Asoka

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Asoka / Ashoka The Great / अशोक

Ashoka

Ashoka (reign 273-232 B.C.) was a Maurya king. His kingdom extended from Hindukush in north to Mysore and south of Godavari in south; from Bengal in east to Afghanistan in west. It was the biggest Indian empire up till that time. He is not only known for his vast empire but also as an efficient ruler and as a Buddhism promoter. He became a devotee of Buddha at an early age and stood a pillar in his remembrance. It is still present in Buddha’s birthplace, Lumbini, in Nepal, near Maya Devi Temple. Ashoka preached Buddhism to Srilanka, Afghanistan, west Asia, Egypt and Greece. Asoka’s writings give a nourishing and caring outlook towards his people.

Son of Maurya King Bindusar

He was the son of Bindusar, a Maurya king, born around 297 B.C. He was crowned after a civil war with his brothers in 272 B.C. He ruled till 232 B.C. In the beginning, just like his grandfather Chandragupt Morya and Father Bindusar, he expanded his empire with number of wars. After conquering Kashmir, Kalinga and few other regions, he became the ruler of complete India. It’s western border reached upto Iran. The man slaughter in the battle of Kalinga shook him to the soul. He left the cruel and violent wars. Ashoka’s fame is not because of his vast empire but as a promoter of religion, non-violence and brotherhood.

Buddhism

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Ashoka turned to Buddhism and took steps to promote it not only in India but in far away lands as well. He sent his son, Mahendra, and his daughter, Sanghmitra, to Srilanka for the same. In his reign, he scribed many stones stating the sermons. He was the first to put the ruling powers for the benefit of his people. Many Stupas and pillars were made. The famous Sarnath’s pillar, whose Lion’s head is honoured as India’s national symbol, is one of them.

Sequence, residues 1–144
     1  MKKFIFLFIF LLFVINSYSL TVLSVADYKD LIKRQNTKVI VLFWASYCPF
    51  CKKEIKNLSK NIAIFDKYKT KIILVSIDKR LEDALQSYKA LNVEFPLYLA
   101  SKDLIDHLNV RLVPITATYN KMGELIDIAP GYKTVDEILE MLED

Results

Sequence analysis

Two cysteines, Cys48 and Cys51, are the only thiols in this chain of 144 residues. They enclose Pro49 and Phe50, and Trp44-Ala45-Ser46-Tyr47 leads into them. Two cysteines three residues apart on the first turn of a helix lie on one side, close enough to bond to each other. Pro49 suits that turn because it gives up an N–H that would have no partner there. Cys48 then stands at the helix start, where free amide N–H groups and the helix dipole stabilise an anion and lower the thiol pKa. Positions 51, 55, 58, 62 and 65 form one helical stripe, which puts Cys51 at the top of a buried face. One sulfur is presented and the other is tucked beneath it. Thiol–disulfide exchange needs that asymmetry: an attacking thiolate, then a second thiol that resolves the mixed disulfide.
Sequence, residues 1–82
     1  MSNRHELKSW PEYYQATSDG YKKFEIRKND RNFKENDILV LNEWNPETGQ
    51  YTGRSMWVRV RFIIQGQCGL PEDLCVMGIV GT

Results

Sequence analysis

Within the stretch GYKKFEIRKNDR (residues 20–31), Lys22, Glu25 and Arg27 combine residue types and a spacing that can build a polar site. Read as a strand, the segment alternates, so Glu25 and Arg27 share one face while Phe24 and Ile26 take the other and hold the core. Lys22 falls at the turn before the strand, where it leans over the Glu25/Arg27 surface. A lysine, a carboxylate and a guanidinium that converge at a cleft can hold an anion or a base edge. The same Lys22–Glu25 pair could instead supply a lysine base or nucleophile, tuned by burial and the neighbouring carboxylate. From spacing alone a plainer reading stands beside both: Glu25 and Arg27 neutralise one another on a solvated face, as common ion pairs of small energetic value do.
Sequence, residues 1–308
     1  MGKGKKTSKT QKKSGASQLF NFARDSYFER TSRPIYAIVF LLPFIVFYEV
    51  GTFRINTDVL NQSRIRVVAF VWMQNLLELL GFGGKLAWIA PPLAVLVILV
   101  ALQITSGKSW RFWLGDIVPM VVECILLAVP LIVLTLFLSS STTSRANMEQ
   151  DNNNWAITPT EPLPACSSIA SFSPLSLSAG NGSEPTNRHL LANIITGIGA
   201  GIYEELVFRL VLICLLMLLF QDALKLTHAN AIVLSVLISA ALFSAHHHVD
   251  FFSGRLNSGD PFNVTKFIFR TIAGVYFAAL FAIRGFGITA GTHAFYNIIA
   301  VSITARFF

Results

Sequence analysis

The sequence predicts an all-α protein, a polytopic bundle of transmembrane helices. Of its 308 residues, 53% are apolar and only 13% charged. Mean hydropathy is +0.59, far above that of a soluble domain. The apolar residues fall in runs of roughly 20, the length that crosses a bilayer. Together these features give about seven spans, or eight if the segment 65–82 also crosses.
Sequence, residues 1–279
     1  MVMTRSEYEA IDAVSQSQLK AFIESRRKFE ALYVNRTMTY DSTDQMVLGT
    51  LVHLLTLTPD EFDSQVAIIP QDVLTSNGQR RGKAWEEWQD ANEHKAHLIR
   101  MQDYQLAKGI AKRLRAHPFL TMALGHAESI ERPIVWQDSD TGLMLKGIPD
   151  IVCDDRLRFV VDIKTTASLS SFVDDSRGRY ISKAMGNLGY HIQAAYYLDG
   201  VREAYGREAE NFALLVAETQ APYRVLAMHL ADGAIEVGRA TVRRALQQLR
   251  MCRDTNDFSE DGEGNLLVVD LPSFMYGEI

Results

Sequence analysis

Warm-Hearted Tolerant Kind

Many historians believe that his kind and warm nature hindered the growth of the country…considering the facts that he had vast empire and could’ve been like the great Roman Empire. His policies made the armies dull and couldn’t resist the foreign invaders. This stopped the substantial growth of the people and also the feeling of nationhood didn’t develop. The other opinion is just the opposite. They say that with his teachings, India became a well known country. A violent history got the tolerant and kind chapters. It gave a new direction to the history. Ashoka is the only ruler of his time who cared for his people and their welfare. With all the differences in the opinions, they agree that Ashoka was famous and known because of his abilities and not fear.

Spreading Buddhism

An important point to note is that a ruler with a vast empire, huge army and endless power tries to present himself as a promoter of the moral values in his inscriptions? As a matter of fact, able rulers were always appointed for the protection of the kingdom. In Magadh, centre of Buddhism teachings, people had a general consciousness against exploitation. Upagupt, a religious teacher, gave Ashoka the advice of spreading Buddhism and building Stupas, inscribed stones and pillars. When Buddha visited Mathura for the second time, he foretold his dear student, Anand, that in later times there will be a religious scholar named Upagupt who will spread Buddhism just like him. Upagupt was born in a merchant’s family. His father traded scents. Upagupt was a very handsome and talented man. He turned to Buddhism at in his teenager ship. Anand’s student, Shaanakvasi, taught Upagupt the “Sarvastivadi Sampradaay” in the Nat-Bhat Vihar of Mathura.

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